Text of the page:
La pléthore des institutions est un frein au développement de l'Afrique, selon les participants du séminaire de la BAD

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The duplication of economic and financial institutions in African has been identified as one of the key obstacles to the continent’s development.

African finance and economic leaders who converged on Arusha, Tanzania, for the Annual Meetings of the African Development Bank said on Wednesday that harmonization of institutional approach remains the key to developing and financing infrastructure.

AfDB President, Donald Kaberuka, said that from the continental Bank’s perspective, only semi-centralised and strong institutions would deliver development.

“It is not about institutions, it is about cooperation by the various African governments and regional development institutions, said Mr. Kaberuka, one of the three panelists who discussed the topic, “Development and Financing Infrastructure in Africa.”

Mr. Kaberuka said that the negative impact of divergent institutional approaches to development has made the Bank to embark on the audit of all AfDB assisted road projects.

The road audit across Africa, he said, was to ensure that international standards and the desired economic development objectives are met.

For her part, Nigeria’s finance minister, Ngozie Okonjo-Iweala, suggested the establishment of viable and strong regional development institutions to manage the effects of nation states bureaucracy.

She said that the West African perspective showed that the Economic Community if West African States, which had succeeded politically has the capacity to develop and finance infrastructure in the region.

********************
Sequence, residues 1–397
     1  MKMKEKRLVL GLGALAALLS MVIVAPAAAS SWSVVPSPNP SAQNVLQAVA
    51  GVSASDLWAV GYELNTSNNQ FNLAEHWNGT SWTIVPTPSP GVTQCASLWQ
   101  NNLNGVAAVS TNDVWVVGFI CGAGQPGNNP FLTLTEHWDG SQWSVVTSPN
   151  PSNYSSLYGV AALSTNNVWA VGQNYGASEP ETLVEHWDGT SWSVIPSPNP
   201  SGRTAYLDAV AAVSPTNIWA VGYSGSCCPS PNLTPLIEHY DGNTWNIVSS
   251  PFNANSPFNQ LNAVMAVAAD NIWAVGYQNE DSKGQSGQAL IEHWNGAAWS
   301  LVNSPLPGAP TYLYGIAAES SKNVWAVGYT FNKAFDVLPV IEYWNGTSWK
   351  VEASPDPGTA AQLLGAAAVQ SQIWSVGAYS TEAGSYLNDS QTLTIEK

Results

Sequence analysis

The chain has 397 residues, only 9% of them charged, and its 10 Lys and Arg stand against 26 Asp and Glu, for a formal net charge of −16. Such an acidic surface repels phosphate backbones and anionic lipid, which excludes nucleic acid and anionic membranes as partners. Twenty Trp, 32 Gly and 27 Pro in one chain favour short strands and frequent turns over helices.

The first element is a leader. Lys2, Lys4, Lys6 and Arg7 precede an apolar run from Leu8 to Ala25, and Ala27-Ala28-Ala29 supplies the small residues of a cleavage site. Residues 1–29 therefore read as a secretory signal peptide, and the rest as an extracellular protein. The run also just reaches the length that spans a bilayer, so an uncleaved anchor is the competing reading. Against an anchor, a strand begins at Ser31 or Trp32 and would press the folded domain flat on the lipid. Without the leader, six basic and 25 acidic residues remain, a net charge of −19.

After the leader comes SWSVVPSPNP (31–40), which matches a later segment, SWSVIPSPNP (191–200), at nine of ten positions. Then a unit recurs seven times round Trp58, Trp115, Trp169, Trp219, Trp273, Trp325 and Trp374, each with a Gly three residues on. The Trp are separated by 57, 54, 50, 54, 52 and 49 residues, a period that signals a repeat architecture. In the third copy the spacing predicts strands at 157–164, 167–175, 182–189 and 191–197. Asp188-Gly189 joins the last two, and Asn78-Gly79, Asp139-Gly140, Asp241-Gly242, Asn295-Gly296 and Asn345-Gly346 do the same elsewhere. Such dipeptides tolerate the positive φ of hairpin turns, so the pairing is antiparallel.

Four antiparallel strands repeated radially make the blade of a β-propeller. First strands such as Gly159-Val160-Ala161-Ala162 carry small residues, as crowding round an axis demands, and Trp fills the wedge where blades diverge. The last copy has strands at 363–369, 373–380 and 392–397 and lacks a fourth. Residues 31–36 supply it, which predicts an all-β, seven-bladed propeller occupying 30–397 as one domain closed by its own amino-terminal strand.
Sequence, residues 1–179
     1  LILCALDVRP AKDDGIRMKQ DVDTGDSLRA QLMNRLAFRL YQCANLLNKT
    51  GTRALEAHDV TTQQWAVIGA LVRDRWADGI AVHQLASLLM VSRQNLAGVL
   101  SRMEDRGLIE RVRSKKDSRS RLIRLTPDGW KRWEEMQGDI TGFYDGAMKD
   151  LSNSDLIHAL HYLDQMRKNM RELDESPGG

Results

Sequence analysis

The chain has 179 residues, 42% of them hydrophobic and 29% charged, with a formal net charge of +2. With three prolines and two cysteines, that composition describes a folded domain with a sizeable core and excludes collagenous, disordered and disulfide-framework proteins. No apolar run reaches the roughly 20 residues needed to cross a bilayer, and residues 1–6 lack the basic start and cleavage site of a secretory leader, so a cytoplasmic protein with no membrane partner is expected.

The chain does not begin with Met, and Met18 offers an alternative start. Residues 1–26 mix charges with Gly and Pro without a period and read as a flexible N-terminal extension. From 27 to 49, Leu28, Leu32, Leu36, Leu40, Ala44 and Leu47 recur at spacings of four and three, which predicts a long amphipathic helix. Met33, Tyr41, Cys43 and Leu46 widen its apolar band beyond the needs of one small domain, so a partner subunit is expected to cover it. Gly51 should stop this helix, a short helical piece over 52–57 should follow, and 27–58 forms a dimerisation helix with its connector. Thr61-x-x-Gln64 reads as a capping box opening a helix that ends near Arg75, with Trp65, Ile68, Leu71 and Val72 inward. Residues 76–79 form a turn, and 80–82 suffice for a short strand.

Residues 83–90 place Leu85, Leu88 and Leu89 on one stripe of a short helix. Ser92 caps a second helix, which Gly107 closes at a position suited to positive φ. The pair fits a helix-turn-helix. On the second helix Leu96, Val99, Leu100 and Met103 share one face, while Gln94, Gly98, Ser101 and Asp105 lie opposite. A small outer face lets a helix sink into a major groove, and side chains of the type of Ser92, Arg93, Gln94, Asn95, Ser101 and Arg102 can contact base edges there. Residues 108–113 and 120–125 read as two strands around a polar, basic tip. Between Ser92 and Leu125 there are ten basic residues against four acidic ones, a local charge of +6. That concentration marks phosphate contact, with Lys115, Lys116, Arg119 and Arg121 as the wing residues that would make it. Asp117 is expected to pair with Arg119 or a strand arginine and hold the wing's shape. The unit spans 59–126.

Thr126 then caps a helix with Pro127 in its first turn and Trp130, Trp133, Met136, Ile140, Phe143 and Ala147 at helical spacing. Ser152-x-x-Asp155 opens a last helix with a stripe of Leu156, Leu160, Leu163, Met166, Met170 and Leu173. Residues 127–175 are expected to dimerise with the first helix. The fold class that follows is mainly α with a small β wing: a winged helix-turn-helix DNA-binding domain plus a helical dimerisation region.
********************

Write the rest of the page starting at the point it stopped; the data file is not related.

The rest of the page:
“I see the absence of these institutions as the missing linking in the equation of African development.
“We felt that AfDB is doing well, that it can go further on this issue by providing leadership in the establishment of these regional development institutions,” Mrs. Okonjo Iweala said.

Most of the participants who contributed to the debate also urged the leadership of development finance institutions to proactively match Africans’ quest for infrastructure with the needed skilled manpower.

They argued that quality technical education remains one of the important key required to leverage sustainable diverse continental economic development.

A cross section of participants also lamented that agriculture and agro-businesses; the backbone of Africa was not receiving enough attention in the development of infrastructure.

The say the low-ranking of agriculture in the developing partners’ equation led the loss of about two trillion dollars of produce annually in Africa.

Earlier, at the government and private sector leaders said that Africa needs about 90 billion dollars annually to mitigate development deficit.

Some participants cited data which indicated that Africa’s total development commitment stood at about USD 55.9 billion in 2011 or 40 per cent of funds needed in 2009.

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